The Bank of Canada left its key overnight interest rate unchanged in its April 15 announcement – no surprise there. Given that the central bank had been signalling for some time that it was taking time to assess the impact of the “insurance” it took out in January with a surprise 25 bps rate cut, most analysts expected Governor Stephen Poloz to stand pat. And he did. Now, with that out of the way, the more important factor is what the Bank sees as the trajectory of economic growth for Canada, because that will be fixed income investors’ guide for how it will react to disappointment or surprises along the way. For the record, we believe there is a lot of room for disappointments that may derail the Bank’s forecast growth trajectory.
But first let’s look at what the Bank had to say about the economic picture going forward. The storyline goes something like this: Yes, the first quarter was terrible, maybe even atrocious, but things are going to get better real fast. In its quarterly Monetary Policy Report, also released today, the Bank revised its Q1 growth forecast down to zero (it might even go lower), but revised up its number for Q2. The central bank now expects growth GDP to grow by 1.8% in the second quarter, compared with its previous estimate of 1.5% growth. The picture gets even rosier from there: estimates for Q3 growth have risen to 2.8% from 2%, and fourth-quarter growth is pegged to come in at 2.5%. So we’re seeing estimates of a very strong rebound in the second and third quarters of 2015.
The implication is that when it comes to providing monetary stimulus, the Bank has done enough to get things moving once the economy has shed its winter doldrums. The currency is devalued, and that should spark growth in export-oriented sectors with a high sensitivity to the Canadian dollar, like manufacturing. Oil prices are stabilizing, if not increasing, neutralizing further fallout from the oil shock. Meanwhile, growth in the United States looks robust, which should increase demand for Canadian stuff. The world, in other words, is unfolding as it should, and it will take a big surprise to get the Bank of Canada to change its mind on rates.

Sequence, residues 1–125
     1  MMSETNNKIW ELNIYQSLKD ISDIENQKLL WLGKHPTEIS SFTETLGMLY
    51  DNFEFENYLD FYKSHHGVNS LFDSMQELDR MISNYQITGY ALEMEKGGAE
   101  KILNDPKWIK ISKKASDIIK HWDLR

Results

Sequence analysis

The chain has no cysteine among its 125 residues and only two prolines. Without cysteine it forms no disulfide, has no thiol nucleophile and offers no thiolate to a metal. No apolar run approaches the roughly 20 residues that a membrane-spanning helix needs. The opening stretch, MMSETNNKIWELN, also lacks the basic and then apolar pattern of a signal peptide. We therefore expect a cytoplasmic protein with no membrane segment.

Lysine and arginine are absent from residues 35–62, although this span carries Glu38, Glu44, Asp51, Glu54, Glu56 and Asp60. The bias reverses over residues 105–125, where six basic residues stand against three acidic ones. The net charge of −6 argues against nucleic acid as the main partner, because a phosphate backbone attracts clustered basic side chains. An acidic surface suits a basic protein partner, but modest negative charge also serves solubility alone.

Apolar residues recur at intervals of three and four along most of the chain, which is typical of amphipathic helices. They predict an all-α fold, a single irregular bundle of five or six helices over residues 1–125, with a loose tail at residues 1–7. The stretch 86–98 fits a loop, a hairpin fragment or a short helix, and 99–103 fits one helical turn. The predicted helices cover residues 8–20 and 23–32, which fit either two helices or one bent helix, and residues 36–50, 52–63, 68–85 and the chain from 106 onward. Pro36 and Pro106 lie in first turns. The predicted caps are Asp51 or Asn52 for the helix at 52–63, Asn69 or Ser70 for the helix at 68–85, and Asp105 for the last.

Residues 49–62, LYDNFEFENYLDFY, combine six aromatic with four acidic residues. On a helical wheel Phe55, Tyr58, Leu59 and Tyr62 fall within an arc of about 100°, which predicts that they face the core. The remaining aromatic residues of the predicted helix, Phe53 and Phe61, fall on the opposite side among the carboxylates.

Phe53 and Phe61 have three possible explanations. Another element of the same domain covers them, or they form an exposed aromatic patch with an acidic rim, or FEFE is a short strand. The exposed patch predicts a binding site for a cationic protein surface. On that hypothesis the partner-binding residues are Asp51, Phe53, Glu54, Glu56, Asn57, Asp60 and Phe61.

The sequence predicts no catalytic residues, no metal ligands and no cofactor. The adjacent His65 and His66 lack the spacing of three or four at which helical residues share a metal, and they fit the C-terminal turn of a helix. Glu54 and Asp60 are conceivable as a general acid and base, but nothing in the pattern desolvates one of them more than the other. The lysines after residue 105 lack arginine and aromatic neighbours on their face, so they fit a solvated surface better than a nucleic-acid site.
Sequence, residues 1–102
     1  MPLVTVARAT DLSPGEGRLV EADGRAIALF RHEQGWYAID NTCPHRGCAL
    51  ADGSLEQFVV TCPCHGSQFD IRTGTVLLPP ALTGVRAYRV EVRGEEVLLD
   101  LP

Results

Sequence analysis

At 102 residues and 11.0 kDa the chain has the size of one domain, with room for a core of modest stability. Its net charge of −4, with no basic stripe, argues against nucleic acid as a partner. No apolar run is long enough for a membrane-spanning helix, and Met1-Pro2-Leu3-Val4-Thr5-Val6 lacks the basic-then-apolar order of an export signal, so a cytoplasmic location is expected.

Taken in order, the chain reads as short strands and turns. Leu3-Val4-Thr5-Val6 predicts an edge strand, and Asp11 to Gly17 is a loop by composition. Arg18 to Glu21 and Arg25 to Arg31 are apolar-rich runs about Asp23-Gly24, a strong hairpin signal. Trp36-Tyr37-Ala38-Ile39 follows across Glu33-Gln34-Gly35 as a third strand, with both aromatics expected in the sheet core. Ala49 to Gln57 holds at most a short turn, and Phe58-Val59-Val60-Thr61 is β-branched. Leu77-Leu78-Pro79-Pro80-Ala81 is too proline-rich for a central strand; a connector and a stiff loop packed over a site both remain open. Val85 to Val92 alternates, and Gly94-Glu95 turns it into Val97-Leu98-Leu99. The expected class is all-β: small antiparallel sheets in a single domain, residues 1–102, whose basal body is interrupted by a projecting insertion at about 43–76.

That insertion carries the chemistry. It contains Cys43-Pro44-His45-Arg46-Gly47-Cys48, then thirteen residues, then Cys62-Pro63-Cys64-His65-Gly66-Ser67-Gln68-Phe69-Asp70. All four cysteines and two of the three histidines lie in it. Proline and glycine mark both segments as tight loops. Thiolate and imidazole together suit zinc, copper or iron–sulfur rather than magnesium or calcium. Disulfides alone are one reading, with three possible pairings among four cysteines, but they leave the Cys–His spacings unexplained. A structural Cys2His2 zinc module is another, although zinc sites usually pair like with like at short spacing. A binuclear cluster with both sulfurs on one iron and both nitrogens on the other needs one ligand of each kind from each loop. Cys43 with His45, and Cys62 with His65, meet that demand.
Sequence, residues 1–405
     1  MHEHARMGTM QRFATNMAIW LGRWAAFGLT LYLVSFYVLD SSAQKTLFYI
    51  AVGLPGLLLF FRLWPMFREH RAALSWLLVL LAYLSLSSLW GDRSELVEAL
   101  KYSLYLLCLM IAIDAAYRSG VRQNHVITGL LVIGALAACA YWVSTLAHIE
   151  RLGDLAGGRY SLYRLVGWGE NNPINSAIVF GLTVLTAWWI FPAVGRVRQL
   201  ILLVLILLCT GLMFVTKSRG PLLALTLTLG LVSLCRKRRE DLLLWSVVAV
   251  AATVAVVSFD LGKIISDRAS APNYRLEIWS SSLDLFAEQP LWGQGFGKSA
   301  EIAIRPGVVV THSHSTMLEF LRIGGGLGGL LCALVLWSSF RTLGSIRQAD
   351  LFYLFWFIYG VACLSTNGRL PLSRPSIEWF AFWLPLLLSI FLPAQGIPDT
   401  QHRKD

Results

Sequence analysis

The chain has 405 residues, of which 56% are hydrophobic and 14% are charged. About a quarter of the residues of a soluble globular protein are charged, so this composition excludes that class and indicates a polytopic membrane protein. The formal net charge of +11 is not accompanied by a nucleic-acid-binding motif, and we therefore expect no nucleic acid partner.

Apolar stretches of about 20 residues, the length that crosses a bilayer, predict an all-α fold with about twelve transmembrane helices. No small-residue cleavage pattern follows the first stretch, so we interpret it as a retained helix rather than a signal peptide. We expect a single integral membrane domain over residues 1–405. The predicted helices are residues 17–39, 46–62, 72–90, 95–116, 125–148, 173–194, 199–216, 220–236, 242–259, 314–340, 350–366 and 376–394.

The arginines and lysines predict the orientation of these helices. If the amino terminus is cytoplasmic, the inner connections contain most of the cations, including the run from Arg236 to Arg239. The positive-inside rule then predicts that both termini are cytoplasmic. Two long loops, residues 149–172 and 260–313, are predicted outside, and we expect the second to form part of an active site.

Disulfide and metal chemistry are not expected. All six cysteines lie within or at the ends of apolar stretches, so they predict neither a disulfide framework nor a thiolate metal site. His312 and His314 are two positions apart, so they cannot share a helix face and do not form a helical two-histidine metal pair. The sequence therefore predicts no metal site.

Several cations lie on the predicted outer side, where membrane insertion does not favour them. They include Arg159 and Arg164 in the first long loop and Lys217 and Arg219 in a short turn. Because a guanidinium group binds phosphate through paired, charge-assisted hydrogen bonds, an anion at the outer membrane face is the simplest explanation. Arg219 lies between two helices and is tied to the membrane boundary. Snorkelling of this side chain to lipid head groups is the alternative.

So the trajectory now seems set (at least until the next MPR in July), and fixed income investors will be watching the data closely to see their impact on that trajectory. At the moment, however, the certainty of a strong rebound in the second quarter is very much open to question.
After all, where is this growth likely to come from? Oil prices might have stabilized, but it is very hard to imagine a rebound to US$90 any time soon, given the continuing glut on the supply side. The Canadian consumer, meanwhile, might be benefiting from somewhat cheaper gasoline, but their spending capacity is stretched thanks to a record high level of household debt. The housing market still looks strong (with some regional exceptions, like Alberta), but you have to question how much further home valuations can rise given all that debt. That leaves, for better or worse, manufacturing. And we believe that the outlook is probably for the worse, or at least not as good as the Bank is hoping for. The merchandise trade numbers, also released on April 15, were disastrous. Manufacturing sales fell by 3% in January and by a further 1.7% in February, even while U.S. auto sales have been fairly robust.
Now, there is no doubt that the currency’s decline is good for manufacturing, but given that the loonie has depreciated by 30% since 2011, we would expect to see better growth. And yet manufacturing has remained very weak, which suggests that other things besides currency is at play here.
One of them is globalization. America might be Canada’s largest export market, but there is nothing special about that: China, Europe, South America and Mexico (where Toyota is relocating its Corolla plant from Ontario) are all chasing the same market. Meanwhile, our unit labour costs are relatively high, and Canada’s manufacturing capacity is stretched because so many plants and jobs disappeared during the era of the soaring loonie. It will take time for manufacturing to rebound, even with a weakened currency, and it will probably never return to the levels it did 10 or 20 years ago. This is not a three-month repair job. And it means that whatever benefit Canada realizes from a strong U.S. economy will be more muted than before.
Given all those factors, the likelihood is high that the trajectory of economic growth will be lower than the Bank of Canada is currently expecting. We think the Bank will take out more insurance later this year in the form of two more rate cuts.
Aubrey Basdeo is a Managing Director and Head of Canadian Fixed Income for BlackRock. He is a regular contributor to The Blog and you can find more of his posts here.
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